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[chant, chahnt] /tʃænt, tʃɑnt/
a short, simple melody, especially one characterized by single notes to which an indefinite number of syllables are intoned, used in singing psalms, canticles, etc., in church services.
a psalm, canticle, or the like, chanted or for chanting.
the singing or intoning of all or portions of a liturgical service.
any monotonous song.
a song; singing:
the chant of a bird.
a monotonous intonation of the voice in speaking.
a phrase, slogan, or the like, repeated rhythmically and insistently, as by a crowd.
verb (used with object)
to sing to a chant, or in the manner of a chant, especially in a church service.
to sing.
to celebrate in song.
to repeat (a phrase, slogan, etc.) rhythmically and insistently.
verb (used without object)
to sing.
to utter a chant.
1350-1400; (v.) Middle English chanten < Middle French chanter < Latin cantāre, frequentative of canere to sing; (noun) < French chant < Latin cantus; see canto
Related forms
chantable, adjective
chantingly, adverb
half-chanted, adjective
unchanted, adjective Unabridged
Based on the Random House Dictionary, © Random House, Inc. 2014.
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Examples for chanting
  • The two-hour forum drew chanting protesters and a police escort for the school board members.
  • Cultists wired electrodes to their heads while chanting ancient mantras and logging on to computer nets.
  • After a period of chanting, the artist started an extremely painful tattooing process that often lasted six or eight hours.
  • One imagines chanting and drumming, the animals on the great pillars seeming to move in flickering torchlight.
  • For the people who live here, the chanting call to prayer rings over and over from the day you are born until the day you die.
  • There must have been chanting, as it was on the hour.
  • Half a dozen bodyguards surrounded him as chanting crowds pressed forward to shake his hand.
  • But once the cheering and the chanting had died down, serious questions remained.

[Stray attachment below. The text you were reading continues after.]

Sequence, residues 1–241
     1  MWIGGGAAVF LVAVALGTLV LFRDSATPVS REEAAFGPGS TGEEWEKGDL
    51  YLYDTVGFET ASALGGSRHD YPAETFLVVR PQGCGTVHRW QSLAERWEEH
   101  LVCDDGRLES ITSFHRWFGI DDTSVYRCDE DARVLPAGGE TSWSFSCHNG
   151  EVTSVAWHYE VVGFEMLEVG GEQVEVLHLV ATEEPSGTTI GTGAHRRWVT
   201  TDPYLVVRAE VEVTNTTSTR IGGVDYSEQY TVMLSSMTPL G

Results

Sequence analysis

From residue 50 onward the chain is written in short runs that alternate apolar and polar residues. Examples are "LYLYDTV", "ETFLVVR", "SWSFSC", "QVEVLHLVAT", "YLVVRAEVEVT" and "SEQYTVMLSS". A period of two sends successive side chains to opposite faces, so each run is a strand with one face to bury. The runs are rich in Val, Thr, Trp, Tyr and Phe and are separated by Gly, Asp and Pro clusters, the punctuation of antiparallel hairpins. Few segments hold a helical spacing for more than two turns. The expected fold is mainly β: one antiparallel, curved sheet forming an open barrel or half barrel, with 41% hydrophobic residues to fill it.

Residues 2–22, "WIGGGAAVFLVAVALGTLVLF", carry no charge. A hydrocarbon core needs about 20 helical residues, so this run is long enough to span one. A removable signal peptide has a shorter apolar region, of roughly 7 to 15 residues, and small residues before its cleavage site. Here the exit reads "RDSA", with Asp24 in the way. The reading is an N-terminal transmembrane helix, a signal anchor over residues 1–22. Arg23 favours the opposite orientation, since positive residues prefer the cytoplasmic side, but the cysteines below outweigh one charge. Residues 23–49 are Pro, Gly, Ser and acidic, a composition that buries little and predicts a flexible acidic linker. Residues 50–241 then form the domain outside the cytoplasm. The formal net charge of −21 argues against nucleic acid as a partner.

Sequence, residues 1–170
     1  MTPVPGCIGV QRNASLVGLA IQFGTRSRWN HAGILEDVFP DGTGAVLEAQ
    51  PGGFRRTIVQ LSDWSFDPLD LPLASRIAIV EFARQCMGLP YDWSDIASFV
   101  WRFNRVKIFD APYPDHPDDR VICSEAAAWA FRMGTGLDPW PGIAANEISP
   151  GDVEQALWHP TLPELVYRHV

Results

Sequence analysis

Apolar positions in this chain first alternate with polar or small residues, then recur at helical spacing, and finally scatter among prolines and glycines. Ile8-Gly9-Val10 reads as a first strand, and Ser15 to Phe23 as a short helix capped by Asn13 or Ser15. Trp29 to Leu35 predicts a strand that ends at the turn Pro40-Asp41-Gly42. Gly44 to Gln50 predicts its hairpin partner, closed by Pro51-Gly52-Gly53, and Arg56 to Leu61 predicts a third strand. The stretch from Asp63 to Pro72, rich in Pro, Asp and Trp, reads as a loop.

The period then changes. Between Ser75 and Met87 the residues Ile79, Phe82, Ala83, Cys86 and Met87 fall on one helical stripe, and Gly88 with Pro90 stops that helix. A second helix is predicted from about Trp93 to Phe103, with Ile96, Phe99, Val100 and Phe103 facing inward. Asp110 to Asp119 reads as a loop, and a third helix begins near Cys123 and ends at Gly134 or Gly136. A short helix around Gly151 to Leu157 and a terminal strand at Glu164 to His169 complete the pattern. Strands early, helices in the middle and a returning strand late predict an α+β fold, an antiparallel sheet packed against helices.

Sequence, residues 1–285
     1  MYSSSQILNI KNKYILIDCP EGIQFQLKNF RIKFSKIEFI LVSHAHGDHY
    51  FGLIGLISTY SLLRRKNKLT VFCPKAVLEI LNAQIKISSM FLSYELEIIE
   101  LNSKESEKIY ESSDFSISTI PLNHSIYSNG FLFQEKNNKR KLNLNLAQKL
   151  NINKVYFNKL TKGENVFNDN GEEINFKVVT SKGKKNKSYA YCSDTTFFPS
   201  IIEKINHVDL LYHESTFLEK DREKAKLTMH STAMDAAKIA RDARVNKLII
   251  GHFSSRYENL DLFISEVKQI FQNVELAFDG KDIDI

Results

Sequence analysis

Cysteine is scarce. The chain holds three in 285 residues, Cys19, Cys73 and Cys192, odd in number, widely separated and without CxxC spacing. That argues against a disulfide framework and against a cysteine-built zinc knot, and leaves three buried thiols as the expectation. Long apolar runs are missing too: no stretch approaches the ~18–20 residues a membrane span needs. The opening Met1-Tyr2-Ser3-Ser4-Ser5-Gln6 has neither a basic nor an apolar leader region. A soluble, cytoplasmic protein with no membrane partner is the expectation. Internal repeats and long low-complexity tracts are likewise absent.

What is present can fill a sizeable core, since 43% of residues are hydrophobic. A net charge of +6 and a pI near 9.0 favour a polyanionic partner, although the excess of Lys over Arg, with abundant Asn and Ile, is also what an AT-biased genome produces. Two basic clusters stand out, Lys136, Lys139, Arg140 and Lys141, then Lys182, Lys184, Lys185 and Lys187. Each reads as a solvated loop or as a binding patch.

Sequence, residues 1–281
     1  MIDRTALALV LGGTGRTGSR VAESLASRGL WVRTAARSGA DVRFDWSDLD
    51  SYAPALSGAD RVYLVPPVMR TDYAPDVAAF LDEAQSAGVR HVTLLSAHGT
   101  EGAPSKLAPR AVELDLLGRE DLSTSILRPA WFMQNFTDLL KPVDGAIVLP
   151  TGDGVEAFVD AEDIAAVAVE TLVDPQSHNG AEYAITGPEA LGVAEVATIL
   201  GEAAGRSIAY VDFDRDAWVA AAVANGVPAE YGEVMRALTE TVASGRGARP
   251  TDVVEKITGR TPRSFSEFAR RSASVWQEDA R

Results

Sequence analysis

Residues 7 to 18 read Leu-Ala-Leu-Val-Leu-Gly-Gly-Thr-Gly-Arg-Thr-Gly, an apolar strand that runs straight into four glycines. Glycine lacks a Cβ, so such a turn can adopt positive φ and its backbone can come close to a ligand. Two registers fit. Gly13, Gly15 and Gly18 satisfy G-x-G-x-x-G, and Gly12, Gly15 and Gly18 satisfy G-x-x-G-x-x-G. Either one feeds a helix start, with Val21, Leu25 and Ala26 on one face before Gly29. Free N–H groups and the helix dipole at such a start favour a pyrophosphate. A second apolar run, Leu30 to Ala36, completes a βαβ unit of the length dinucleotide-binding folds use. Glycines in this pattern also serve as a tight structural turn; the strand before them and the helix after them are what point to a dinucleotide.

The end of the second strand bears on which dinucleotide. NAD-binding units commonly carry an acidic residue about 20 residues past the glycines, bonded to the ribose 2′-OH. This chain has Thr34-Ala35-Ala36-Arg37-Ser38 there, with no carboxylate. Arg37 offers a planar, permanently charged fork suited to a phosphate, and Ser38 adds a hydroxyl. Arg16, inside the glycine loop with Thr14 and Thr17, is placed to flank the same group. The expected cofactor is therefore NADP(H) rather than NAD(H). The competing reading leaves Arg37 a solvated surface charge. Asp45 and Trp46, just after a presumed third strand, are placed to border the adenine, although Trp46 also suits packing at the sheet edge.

• Meditating by chanting may help you calm down, but may not be the best choice if you're in an interview.
  • The chanting outside of the window, that's my first recollection.
British Dictionary definitions for chanting


a simple song or melody
a short simple melody in which several words or syllables are assigned to one note, as in the recitation of psalms
a psalm or canticle performed by using such a melody
a rhythmic or repetitious slogan, usually spoken or sung, as by sports supporters, etc
monotonous or singsong intonation in speech
to sing or recite (a psalm, prayer, etc) as a chant
to intone (a slogan) rhythmically or repetitiously
to speak or say monotonously as if intoning a chant
Derived Forms
chanting, noun, adjective
chantingly, adverb
Word Origin
C14: from Old French chanter to sing, from Latin cantāre, frequentative of canere to sing
Collins English Dictionary - Complete & Unabridged 2012 Digital Edition
© William Collins Sons & Co. Ltd. 1979, 1986 © HarperCollins
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Word Origin and History for chanting
late 14c., from O.Fr. chanter, from L. cantare, freq. of canere "sing," from PIE base *kan- "to sing" (cf. Gk. eikanos "cock," O.E. hana "cock," both lit. "bird who sings for sunrise;" O.Ir. caniaid "sings," Welsh canu "sing"). The frequentative quality of the word was no longer felt in L., and by the time Fr. emerged the word had entirely displaced canere.
Online Etymology Dictionary, © 2010 Douglas Harper
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Encyclopedia Article for chanting


the Gregorian chant (q.v.) and, by extension, other similar religious chants. The word derives from the 13th-century Latin term cantus planus ("plain song"), referring to the unmeasured rhythm and monophony (single line of melody) of Gregorian chant, as distinguished from the measured rhythm of polyphonic (multipart) music, called cantus mensuratus, or cantus figuratus ("measured," or "figured," song). Its other main application is to ancient Christian music with the same unmeasured rhythm and monophony-in the West, Ambrosian, Gallican, and Mozarabic chants (qq.v.); in the East, Byzantine, Syrian, Coptic, Ethiopian, and Armenian chants (qq.v.). It may also refer to similar non-Christian religious music, such as Jewish and Hindu chants.

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Encyclopedia Britannica, 2008. Encyclopedia Britannica Online.
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